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When you have radios you often find interference happening. As far as I am personally aware radio waves are the only waves that I am sure can interfere. If all EM apply do put it in that perspective in your answer. The thing that I can't wrap my head around is the fact that although the photons have no size and are just points, how can they overlap to interfere with another. It's like two entities in a game with no hitboxes colliding with each other.

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  • $\begingroup$ Roughly speaking, light moves like a wave and interacts like a particle. If you want to be more accurate then you need to model it as a quantum field. $\endgroup$
    – PM 2Ring
    Sep 6, 2018 at 6:52

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It is not that radio waves are the only waves that can interfere. Other EM waves, such as lights, interfere too. Try to recall Newton's ring, and colors on a soap bubble from high school optics courses. Sound waves, water surface ripples interfere too.

To best understand EM wave interference, you think in waves, not in photons. If you definitely have to think in photons, think of "wave function of particles" and the statistical interpretation of wave function collapse, as people have done.

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EM waves travel in the EM field which is a theoretical field that fills all space. Like waves in a pond they can overlap or superimpose or interfere or convolute or add together etc etc. its all the same terminology. Particles smash into one another and waves just pass each other by, example : 2 waves adding in collision will make a bigger wave only temporarily but then the waves will continue on travelling in each their own direction.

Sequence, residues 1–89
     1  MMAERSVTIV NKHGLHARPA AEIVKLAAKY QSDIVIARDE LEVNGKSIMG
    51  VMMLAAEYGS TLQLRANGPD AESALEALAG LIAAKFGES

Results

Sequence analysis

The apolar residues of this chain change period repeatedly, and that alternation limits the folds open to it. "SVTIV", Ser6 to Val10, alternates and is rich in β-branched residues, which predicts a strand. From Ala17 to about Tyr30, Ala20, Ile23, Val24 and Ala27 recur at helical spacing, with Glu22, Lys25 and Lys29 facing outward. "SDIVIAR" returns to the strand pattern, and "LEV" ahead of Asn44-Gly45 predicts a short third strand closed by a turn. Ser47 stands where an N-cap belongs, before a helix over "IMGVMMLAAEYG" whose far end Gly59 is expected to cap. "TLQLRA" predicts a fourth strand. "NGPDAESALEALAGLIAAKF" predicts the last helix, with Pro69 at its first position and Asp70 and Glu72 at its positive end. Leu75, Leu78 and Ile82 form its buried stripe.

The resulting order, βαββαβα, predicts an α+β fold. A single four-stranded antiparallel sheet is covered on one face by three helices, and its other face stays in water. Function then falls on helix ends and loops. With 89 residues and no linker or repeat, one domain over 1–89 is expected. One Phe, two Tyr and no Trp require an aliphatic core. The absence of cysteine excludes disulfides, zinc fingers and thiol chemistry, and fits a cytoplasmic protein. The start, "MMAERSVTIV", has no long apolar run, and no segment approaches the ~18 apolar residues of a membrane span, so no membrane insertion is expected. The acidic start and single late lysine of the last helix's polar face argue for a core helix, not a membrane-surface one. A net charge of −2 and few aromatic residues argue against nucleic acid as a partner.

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  • $\begingroup$ So you're suggesting waves have volume? $\endgroup$
    – yolo
    Sep 5, 2018 at 20:03
  • $\begingroup$ Absolutely, think of a tsunami! You can have a strong radio wave made of many many photons. You can also have a single blue photon which takes up less space that a red one (longer wavelength). $\endgroup$ Sep 5, 2018 at 20:52
  • $\begingroup$ @yolo I see you changed your pick. You asked a question about Photons and I was the only one who answered about photons. No one else really answered the question and resorted to the same unexplainable and unaccountable wave attempt. $\endgroup$ Sep 6, 2018 at 7:11
  • $\begingroup$ I asked the question in photons because I made the assumption you did. The answers here are rather contradictory. While I understand that what you said makes literal sense it seems as though many have disagreed. Now It won't do much work for me, could you ease them in order to ease me at your answer. $\endgroup$
    – yolo
    Sep 6, 2018 at 16:25
  • $\begingroup$ And Physics Dave. If you say waves do have a volume. How much volume do they have after having travelled a centimetre $\endgroup$
    – yolo
    Sep 6, 2018 at 16:26
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all EM waves are capable of interference. in the specific case of radio waves, the most convenient way to work with them is not by using the photon model, but instead the wave model. this is entirely appropriate for EM waves with long wavelengths and makes them easier to grasp and understand, especially when dealing with things like reflection off of objects (as in radar) and the effects of multipath transmission (as in radio transmission at 1 to 100 megahertz).

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  • $\begingroup$ You haven't answered the question. How can they overlap with each other to interfere since they have no size? $\endgroup$
    – yolo
    Sep 5, 2018 at 16:46
  • $\begingroup$ He did, because you think of them as waves instead which have a definite size $\endgroup$
    – Triatticus
    Sep 5, 2018 at 17:02
  • $\begingroup$ Light waves don't have a size, they can't even be physically explained. All phenomena is best explained with photon particles. $\endgroup$ Sep 5, 2018 at 17:15
  • $\begingroup$ EM waves travel in the EM field which is a theoretical field that fills all space. Like waves in a pond they can overlap or superimpose or interfere or convolute or add together etc etc. its all the same terminology. Particles smash into one another and waves just pass each other by, example : 2 waves adding in collision will make a bigger wave only temporarily but then the waves will continue on travelling in each their own direction. $\endgroup$ Sep 5, 2018 at 19:01

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